With more than 25 years experience as an international HR executive in Fortune 500 companies (Pepsi, Starbucks, Nielsen), Luk is recognized as a top European Predictive HR Analytics expert. He is revered as a leading thinker and influencer, and is a well-known blogger, speaker, columnist and author of many articles. Luk teaches HR Analytics at the Universities of Nyenrode (NL), Leuven (BE) and Antwerp (BE). He is the Co-Founder and CEO of iNostix (www.inostix.com) - predictive workforce analytics company.

With the upcoming HR Tech World Congress in Paris, we will once again see an entire series of ‘HR Big Data’ articles. But have these authors ever done any research about what big data really is? You wind up very soon at the Amazons, Googles and Booking.coms of this world. Millions of new records every day, thousands of new customers every hour, data centres with terabytes of new data produced every minute! Recognise the spectre of HR yet? I, for one, do not! While I’m totally done with all those nuance-less HR big data blah blah, I certainly don’t want there to be any misunderstandings about this: big data, I love you! It’s a fantastic environment, and these are great times to get to know these completely new technologies and analytical approaches. Life will never be the same again!

Hitching a ride on the hype

But where exactly is the added value for HR? Why do all these do-gooding pseudo-authors suddenly find it necessary to take up their pen and take on HR? It’s the million dollar question. Answer: HR is the very last function not to have started working with data yet and everyone (probably) wants to have their share and hitch a ride on the big data hype. Hell you!

There’s a lot to learn from big data

While all the other fast guys (marketing, sales, production, R&D, logistics, finance) are killing themselves analysing absolutely everything and are producing an enormous amount of data that must give them the necessary insights, HR appears to remain in deep hibernation. Could the talk of big data rouse it? Yes, certainly! I’ve never talked so much with HR about big data. Then I explain that HR itself has no big data, but that we can learn a lot from the phenomenon: evolving from reporting to predicting, focusing on disciplined data gathering, adding analytical experts to the team, thinking about data governance, enriching decision-making with long data, etc.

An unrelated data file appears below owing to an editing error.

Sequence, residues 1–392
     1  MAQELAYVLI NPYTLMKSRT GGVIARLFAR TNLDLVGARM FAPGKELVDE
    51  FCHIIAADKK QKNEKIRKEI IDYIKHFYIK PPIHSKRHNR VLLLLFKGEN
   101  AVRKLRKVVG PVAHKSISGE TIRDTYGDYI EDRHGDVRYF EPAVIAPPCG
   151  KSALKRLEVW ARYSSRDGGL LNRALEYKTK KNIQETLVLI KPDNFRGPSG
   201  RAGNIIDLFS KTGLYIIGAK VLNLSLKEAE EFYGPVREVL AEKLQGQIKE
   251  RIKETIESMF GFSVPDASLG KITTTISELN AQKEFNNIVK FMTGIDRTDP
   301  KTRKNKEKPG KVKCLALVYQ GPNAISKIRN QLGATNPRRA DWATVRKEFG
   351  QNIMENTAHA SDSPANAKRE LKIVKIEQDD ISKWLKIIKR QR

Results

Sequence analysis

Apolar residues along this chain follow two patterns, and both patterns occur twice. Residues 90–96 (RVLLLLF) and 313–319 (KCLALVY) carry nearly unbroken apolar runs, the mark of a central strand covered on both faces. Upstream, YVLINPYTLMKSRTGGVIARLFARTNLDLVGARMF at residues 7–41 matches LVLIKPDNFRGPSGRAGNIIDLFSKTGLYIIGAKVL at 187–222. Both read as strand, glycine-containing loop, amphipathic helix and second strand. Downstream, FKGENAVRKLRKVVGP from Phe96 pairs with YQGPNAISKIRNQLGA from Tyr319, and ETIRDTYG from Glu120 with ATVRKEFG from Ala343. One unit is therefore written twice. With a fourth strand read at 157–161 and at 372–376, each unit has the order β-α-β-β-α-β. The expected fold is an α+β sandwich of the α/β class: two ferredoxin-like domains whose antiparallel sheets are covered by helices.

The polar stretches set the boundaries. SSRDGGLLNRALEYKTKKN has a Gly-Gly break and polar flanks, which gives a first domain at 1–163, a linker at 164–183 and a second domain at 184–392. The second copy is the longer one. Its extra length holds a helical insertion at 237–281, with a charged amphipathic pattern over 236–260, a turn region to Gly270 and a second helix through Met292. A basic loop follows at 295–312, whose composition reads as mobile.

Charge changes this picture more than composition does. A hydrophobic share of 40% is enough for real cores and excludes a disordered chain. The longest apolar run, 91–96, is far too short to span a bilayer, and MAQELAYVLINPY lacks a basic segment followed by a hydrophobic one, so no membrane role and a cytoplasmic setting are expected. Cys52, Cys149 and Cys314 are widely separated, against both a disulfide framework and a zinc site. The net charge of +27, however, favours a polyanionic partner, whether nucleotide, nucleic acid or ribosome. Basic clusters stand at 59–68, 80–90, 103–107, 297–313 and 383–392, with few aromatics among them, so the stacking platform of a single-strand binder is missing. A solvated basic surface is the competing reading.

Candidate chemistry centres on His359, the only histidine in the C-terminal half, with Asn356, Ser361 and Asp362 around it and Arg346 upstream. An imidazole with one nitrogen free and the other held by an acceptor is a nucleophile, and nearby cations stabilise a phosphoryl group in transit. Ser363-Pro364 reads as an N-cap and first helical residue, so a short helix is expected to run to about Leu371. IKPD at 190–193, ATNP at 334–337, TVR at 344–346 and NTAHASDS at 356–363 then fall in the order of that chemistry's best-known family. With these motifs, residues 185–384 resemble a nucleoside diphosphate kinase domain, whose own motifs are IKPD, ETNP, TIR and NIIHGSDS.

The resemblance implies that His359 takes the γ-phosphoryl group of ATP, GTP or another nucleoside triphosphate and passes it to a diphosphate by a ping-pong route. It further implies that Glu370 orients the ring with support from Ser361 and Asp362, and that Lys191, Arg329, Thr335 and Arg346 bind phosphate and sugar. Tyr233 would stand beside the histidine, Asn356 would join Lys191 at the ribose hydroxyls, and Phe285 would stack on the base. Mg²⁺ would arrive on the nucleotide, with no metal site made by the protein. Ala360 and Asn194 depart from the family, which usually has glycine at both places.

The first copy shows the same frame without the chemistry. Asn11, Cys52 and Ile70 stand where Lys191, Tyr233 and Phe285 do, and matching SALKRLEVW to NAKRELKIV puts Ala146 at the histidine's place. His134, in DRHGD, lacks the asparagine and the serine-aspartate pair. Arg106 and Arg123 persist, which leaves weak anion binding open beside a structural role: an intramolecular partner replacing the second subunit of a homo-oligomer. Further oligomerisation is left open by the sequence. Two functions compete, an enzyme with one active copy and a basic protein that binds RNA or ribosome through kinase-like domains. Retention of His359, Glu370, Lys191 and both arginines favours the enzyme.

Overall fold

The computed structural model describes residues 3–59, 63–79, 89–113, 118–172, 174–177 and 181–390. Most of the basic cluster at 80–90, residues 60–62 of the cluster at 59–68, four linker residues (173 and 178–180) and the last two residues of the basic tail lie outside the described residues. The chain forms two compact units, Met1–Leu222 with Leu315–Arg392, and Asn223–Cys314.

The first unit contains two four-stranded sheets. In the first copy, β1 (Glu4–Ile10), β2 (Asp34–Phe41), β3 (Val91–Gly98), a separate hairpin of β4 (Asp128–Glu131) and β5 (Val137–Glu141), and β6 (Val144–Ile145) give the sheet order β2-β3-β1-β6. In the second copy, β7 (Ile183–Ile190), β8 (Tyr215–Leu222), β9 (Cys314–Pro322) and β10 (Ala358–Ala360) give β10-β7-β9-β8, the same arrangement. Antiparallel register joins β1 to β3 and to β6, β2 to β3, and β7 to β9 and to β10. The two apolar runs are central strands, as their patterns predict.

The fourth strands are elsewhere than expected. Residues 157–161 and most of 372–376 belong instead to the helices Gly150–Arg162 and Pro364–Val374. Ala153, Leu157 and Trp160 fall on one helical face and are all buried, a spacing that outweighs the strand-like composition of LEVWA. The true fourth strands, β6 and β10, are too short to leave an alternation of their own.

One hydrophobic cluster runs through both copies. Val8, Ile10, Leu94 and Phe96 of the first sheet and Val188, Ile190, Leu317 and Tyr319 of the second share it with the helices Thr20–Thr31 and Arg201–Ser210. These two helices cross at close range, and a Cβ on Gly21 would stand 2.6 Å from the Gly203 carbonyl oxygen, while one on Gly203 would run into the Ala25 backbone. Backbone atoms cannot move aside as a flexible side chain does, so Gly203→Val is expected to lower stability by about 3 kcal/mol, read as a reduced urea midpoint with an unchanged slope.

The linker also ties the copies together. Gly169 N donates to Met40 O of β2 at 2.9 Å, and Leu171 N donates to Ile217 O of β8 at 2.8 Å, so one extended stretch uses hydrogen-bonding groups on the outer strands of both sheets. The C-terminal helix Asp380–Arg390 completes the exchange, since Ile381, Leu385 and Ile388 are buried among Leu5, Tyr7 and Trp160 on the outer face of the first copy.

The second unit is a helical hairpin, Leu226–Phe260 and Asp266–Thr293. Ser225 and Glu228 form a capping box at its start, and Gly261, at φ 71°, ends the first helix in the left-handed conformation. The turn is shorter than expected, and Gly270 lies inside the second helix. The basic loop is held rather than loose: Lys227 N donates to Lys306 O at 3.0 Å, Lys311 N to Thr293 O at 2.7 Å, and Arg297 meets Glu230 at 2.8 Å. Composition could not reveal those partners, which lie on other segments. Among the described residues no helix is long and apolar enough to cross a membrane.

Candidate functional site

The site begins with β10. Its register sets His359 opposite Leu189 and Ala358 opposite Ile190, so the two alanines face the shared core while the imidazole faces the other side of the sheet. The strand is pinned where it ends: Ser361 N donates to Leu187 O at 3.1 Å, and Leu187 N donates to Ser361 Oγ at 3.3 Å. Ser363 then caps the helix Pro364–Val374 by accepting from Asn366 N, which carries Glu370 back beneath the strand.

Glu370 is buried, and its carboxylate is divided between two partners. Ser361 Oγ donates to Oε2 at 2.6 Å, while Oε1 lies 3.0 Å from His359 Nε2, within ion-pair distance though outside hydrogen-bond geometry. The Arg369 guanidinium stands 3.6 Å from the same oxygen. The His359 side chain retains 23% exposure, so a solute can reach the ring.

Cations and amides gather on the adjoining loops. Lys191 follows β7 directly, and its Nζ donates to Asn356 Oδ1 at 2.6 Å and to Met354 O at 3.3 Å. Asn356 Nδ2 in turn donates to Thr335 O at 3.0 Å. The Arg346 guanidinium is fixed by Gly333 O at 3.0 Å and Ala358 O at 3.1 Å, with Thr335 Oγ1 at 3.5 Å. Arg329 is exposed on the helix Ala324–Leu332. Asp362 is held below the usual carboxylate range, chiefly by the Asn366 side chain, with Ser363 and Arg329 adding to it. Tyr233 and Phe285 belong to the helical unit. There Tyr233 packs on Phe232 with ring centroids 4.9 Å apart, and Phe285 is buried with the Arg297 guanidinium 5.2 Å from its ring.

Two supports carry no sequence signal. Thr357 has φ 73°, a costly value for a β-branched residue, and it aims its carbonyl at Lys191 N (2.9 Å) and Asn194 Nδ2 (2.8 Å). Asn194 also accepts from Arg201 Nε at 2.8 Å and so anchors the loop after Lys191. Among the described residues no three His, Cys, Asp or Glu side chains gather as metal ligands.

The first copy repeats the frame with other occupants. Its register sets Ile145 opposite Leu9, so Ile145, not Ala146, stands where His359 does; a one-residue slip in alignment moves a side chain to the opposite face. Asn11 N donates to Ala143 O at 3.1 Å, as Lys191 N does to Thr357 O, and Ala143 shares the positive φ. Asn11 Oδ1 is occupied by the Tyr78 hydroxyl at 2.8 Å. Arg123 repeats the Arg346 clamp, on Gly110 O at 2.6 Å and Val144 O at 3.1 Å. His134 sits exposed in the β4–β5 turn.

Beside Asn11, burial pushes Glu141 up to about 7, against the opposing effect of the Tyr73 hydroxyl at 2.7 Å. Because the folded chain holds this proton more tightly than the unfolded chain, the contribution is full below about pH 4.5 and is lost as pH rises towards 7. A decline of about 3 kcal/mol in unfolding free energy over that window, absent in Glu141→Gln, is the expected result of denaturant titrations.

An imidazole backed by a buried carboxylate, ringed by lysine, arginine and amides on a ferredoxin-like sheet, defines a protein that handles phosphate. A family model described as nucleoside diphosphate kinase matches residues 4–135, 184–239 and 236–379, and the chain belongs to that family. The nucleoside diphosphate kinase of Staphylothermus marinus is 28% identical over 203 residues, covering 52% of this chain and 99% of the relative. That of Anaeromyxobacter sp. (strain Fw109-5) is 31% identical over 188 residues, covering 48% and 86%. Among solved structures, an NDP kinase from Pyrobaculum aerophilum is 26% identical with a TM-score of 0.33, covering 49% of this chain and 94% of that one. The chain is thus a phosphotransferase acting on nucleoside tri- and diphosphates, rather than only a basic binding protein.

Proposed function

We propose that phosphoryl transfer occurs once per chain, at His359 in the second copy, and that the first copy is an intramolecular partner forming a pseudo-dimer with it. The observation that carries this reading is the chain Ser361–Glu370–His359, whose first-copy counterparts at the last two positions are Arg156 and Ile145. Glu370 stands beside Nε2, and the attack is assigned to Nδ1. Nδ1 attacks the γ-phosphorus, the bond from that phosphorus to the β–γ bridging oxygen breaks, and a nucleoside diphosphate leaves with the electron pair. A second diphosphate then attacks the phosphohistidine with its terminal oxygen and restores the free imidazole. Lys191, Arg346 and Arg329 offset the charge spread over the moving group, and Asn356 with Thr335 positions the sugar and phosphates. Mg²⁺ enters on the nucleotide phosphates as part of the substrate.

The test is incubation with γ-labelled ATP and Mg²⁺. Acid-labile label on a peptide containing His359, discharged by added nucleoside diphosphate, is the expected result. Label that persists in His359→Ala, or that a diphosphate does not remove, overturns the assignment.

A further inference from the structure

Long data?

Mathematician Samuel Arbesman argues that by now it’s quite clear that all of us together are producing great mountains of data at an eye-watering speed that can give us the necessary insights. However, he finds it’s high time for us to start concentrating on long data. By ‘long data’ he means data sets covering a long history, painting a changing and moving picture, mapping out processes and interactions that change through time. If you want to measure how successful your recruitment is (quality of hire), you will know the results only in a year or even later than that. On the condition, of course, that you collected all relevant data in a disciplined way. So all the moralising about HR big data has some added value after all. I love it!

  • Many organizations are just beginning to build capabilities in this area. Everyone’s talking about big data — but what does it mean for HR and HR professionals? This Blog captures the main points of a thought-provoking and fast-paced discussion. But there is also a lively diversity in views, particularly on whether the adoption of big data and Analytics could enhance the status of HRPs within their organizations.

  • Anonymous

    Interesting point of view, Luk. And I fully agree the no. 1 misconception today is about the term of “big data” itself in HR.

    Why all the hype about HR right now and not 10 years ago? I believe because the shift towards mobile usage that generates input of a superior quality (since you generally tap instead of enter free text there). Why it is one of the last sectors to embrace this? Because HR is about people, and people are not easy metrics (thank God!!) – Bias.

    To me, people analytics will only work to the extent of specific problems being identified, and then dealt with with metrics in a data lake, followed by a rigorous prescription. (there will be no magic CRM to give you all metrics to solve any problem – and the main reason for that is you’ll never be able to obtain all data from applicants/employees in a structured format).

    Lastly, I believe the “big data” in its true meaning is great to measure trends – and it presently does, but people should understand there are not many business use cases for the average consumer from this.

    Danut Croitor

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